By Kristen Entwistle
On June 17, 2015, a 21-year old white man walked into a church during a prayer service and murdered nine people. Among those killed was the senior pastor and state senator Clementa Pinckney. Clem, as he was better known, was preaching at the age of 13, pastor by 18. At the age of 23, he was elected as a state legislator to the South Carolina House of Representatives. He married his wife Jennifer in 1999, and had two daughters, Eliana and Malana. President Barack Obama began his eulogy for Clem this way:
Giving all praise and honor to God.
The Bible calls us to hope. To persevere, and have faith in things not seen.
‘They were still living by faith when they did,’ Scripture tells us. ‘They did not receive the things promised, they only saw them and welcomed them from a distance, admitting that they were foreigners and strangers on Earth.’
We are here today to remember a man of God who lived by faith. A man who believed in things not seen. A man who believed there were better days ahead, off in the distance. A man of service who persevered, knowing full well he would not receive all those things he was promised, because he believed his efforts would deliver a better life for those who followed.1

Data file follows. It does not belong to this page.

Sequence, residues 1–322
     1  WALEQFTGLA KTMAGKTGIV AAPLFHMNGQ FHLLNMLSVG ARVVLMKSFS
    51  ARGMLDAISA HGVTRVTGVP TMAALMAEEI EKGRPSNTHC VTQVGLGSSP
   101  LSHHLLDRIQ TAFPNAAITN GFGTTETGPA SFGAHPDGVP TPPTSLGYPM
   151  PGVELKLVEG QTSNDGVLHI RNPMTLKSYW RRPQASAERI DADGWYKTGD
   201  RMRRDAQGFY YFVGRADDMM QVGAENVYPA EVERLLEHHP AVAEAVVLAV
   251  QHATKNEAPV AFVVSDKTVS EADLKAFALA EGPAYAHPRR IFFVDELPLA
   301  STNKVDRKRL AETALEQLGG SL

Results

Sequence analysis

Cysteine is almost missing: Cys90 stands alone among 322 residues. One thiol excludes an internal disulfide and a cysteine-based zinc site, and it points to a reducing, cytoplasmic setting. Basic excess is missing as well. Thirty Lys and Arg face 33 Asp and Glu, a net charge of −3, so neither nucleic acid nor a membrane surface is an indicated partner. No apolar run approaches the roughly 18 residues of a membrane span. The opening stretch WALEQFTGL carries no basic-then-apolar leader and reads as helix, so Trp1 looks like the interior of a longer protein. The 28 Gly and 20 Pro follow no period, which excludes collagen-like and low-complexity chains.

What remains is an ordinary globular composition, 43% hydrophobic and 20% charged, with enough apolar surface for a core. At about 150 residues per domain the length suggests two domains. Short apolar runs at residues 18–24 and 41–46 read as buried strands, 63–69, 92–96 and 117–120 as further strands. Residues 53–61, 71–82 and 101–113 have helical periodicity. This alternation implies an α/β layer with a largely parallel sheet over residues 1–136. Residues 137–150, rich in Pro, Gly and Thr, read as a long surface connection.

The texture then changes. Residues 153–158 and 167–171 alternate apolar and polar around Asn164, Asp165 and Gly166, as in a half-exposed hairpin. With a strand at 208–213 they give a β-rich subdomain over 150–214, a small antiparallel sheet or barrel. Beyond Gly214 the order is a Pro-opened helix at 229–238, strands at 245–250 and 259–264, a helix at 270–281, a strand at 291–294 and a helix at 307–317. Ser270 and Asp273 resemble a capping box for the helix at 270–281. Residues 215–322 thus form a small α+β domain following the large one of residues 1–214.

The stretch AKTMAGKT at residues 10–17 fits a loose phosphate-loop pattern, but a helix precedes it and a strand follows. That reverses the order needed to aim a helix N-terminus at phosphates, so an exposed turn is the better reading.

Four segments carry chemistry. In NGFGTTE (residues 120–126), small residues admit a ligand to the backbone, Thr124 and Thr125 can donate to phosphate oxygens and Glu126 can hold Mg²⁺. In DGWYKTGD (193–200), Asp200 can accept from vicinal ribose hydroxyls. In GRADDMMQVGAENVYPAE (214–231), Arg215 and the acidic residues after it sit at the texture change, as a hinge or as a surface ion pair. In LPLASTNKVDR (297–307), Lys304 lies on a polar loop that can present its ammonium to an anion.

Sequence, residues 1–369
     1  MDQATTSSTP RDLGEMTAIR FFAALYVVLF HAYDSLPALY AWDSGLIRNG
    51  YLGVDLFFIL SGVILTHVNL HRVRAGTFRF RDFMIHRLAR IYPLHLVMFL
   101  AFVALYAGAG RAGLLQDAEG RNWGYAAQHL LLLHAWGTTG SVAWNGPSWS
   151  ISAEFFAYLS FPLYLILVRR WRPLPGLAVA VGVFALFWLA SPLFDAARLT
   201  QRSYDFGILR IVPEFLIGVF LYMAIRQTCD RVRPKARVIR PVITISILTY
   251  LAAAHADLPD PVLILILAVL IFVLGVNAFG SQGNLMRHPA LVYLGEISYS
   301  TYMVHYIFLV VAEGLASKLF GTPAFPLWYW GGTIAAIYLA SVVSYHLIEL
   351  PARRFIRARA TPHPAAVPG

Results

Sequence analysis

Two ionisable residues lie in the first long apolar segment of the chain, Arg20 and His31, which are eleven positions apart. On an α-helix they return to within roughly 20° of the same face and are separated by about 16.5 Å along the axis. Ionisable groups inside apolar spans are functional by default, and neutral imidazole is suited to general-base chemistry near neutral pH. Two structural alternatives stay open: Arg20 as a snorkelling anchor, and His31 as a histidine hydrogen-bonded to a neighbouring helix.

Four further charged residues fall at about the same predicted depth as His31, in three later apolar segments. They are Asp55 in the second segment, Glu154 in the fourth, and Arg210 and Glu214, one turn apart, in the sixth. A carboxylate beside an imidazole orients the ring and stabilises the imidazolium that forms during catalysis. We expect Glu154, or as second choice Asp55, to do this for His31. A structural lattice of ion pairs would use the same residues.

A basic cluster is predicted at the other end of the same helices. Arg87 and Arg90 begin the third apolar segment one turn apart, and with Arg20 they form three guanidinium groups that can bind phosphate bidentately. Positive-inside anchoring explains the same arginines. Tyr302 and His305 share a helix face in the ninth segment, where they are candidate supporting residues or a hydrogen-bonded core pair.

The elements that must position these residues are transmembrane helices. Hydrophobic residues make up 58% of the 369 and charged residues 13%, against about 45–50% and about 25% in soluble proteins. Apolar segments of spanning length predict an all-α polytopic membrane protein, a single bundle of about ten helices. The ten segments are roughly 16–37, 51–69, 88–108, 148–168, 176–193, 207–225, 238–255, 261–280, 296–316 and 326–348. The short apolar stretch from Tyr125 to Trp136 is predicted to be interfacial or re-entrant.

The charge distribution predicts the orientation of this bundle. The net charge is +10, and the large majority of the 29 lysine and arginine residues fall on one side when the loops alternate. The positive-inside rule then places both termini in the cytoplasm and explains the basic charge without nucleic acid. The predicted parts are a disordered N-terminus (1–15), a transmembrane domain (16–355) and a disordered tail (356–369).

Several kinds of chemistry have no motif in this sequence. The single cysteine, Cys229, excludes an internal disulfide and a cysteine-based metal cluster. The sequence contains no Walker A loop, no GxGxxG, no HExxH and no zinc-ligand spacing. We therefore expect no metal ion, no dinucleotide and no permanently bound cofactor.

The President went on to tell of the things that Clem had done in his life, and the mark he had left by his faith on his congregation, his family, and his country. Clem was a modern-day man of faith, one who followed in faith to where God called him. He was not perfect, but he followed in faith. We don’t know all of the details of Reverend Pinckney’s life. But the people who did know him knew of his faith. And they tell of it still today.
Remember how we defined faith? We said that faith encompasses “a firm conviction, producing a full acknowledgement of God’s revelation or truth, a personal surrender to Him, and a conduct inspired by such surrender.”2 Faith isn’t just belief or just giving our lives to Christ, or even just how we are living. It’s a combination of all three. This is the faith that our heroes in Hebrews 11 showed us, and that those living by faith still show today.
We’ve seen throughout this study that God uses ordinary, messed up, broken people to fulfill His purposes. He used a prostitute, a murderer, a doubter, an adulterer, a stealer, and a cheater to show us examples of faith. How much more does He use us, His imperfect vessels, for His purposes through faith.
Join me as we enter the final chapter of our Hebrews 11 Study!
Download Chapter 14 now!